Forbidding Relationships

From a Kid Point of View...

I had just graduated high school, but I was dating someone who was younger than me. She was nine.

Well, no, not really. But she was still in high school and legally underage, and we weren't having sex for that reason. My parents knew about the relationship and it pissed off my father, even though both of us were white. Dad and I had full-blown arguments about it. This is a man who wanted to get me a prostitute for my twelfth birthday because he was clinically fucking insane.

"Oh, you're so cute, I could just eat you up! For fifty bucks, I'll put my tongue in your ass!"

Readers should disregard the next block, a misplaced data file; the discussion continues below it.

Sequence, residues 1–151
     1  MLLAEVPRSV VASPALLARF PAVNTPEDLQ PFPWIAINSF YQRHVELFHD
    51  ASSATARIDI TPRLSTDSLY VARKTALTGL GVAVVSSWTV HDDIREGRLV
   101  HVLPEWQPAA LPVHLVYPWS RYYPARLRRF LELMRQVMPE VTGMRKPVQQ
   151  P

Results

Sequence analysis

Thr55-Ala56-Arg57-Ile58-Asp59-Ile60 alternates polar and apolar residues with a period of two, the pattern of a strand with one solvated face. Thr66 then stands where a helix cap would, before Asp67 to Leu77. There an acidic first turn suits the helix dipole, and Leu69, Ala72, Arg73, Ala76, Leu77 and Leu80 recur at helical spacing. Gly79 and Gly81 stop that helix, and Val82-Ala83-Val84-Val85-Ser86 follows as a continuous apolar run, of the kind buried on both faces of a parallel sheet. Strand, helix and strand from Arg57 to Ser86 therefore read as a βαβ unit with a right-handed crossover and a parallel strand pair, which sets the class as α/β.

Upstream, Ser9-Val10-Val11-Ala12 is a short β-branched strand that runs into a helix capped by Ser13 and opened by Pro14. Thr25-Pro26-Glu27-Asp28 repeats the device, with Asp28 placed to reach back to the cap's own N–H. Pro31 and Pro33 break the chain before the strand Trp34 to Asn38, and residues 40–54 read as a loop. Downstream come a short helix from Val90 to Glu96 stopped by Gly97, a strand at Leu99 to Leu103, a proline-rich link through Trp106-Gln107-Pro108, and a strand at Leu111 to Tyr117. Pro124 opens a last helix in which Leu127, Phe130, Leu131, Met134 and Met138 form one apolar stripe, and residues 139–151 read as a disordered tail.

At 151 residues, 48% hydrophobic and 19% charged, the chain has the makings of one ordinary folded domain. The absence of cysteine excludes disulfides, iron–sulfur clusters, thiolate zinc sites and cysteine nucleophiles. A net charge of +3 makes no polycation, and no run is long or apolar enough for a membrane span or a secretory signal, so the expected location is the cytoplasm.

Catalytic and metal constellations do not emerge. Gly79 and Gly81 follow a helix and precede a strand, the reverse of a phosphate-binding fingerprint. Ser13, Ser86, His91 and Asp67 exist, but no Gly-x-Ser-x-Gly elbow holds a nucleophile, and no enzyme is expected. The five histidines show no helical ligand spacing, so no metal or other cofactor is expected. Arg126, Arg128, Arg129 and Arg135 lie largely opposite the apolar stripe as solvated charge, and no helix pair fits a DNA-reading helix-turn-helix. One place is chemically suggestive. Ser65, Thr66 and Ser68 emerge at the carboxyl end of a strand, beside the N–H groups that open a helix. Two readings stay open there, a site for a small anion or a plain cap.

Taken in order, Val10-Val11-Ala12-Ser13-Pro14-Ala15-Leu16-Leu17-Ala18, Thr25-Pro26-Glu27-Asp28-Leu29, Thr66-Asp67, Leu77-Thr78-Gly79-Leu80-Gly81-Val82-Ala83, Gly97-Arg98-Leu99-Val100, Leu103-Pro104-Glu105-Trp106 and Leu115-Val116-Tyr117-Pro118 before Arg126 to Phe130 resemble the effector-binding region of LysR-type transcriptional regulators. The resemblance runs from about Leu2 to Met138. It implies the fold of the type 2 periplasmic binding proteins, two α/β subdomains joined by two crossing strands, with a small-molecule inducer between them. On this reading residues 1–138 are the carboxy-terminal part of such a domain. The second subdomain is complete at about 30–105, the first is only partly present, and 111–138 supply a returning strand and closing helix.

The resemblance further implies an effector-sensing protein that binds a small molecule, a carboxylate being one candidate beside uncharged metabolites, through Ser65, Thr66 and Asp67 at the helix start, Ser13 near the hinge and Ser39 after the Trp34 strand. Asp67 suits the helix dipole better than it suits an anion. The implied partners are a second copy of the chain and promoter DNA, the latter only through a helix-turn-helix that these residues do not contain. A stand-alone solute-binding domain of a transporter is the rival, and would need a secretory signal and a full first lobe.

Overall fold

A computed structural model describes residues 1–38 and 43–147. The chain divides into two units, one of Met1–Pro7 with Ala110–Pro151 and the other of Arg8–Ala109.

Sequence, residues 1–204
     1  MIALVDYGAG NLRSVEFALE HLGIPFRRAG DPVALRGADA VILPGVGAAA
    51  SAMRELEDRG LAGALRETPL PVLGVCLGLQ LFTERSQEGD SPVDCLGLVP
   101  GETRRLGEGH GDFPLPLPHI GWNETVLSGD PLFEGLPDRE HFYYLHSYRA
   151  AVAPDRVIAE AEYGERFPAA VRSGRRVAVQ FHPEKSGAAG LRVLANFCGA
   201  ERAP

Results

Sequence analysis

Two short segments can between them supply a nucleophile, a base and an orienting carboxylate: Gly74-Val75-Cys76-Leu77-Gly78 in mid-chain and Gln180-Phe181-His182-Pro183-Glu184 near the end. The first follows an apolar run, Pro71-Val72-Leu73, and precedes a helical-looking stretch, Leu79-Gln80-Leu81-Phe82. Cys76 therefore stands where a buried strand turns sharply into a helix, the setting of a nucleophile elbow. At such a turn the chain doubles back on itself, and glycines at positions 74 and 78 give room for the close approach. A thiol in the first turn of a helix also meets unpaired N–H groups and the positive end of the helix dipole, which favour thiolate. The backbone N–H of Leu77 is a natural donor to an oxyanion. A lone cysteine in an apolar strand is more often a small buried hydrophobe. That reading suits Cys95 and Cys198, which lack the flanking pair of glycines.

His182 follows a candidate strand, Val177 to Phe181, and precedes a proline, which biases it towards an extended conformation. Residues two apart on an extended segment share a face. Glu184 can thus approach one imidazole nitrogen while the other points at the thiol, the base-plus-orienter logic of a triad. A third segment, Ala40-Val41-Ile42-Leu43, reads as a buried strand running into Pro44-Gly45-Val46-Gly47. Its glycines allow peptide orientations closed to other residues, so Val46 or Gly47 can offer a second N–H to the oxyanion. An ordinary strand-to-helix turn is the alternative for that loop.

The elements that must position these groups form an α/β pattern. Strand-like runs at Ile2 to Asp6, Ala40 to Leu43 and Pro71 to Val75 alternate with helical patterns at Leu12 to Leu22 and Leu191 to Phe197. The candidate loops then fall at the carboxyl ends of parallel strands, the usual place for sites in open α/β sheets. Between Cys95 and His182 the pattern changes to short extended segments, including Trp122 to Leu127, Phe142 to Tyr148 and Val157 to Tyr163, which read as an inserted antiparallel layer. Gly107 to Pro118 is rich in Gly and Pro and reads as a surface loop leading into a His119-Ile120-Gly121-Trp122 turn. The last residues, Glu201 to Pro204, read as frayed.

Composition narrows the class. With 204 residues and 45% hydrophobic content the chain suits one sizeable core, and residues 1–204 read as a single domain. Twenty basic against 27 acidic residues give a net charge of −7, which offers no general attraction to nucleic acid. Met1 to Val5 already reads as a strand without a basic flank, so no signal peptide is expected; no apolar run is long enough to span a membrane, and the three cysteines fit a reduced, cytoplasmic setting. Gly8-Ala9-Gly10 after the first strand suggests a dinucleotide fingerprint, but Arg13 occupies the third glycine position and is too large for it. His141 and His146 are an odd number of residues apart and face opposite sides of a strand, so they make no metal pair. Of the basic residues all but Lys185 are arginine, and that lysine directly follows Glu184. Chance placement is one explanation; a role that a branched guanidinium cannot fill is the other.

Anyway, my girlfriend came over to visit one day while my dad and I were outside, working on his car. Which meant I would bring him beer while he yelled "stupid cocksucker" at an engine. When she arrived, he sent me back inside for another beer. When I came back out, she was gone. Which was strange because we were around each other pretty much every day, and we were closer than any relationship I had ever been in at that point in my life. We never left without at least saying goodbye.

It turns out that dad had sent me inside on purpose, and while I was away, he said some pretty brutal things to her -- which to this day, I have no idea what they were. But they were bad enough to have scared her off, and we pretty much never saw each other again. I didn't find out for quite some time, but when I did, I hated him for it.

He wears a hood to hide his soulless eyes.

Now that I'm a Parent...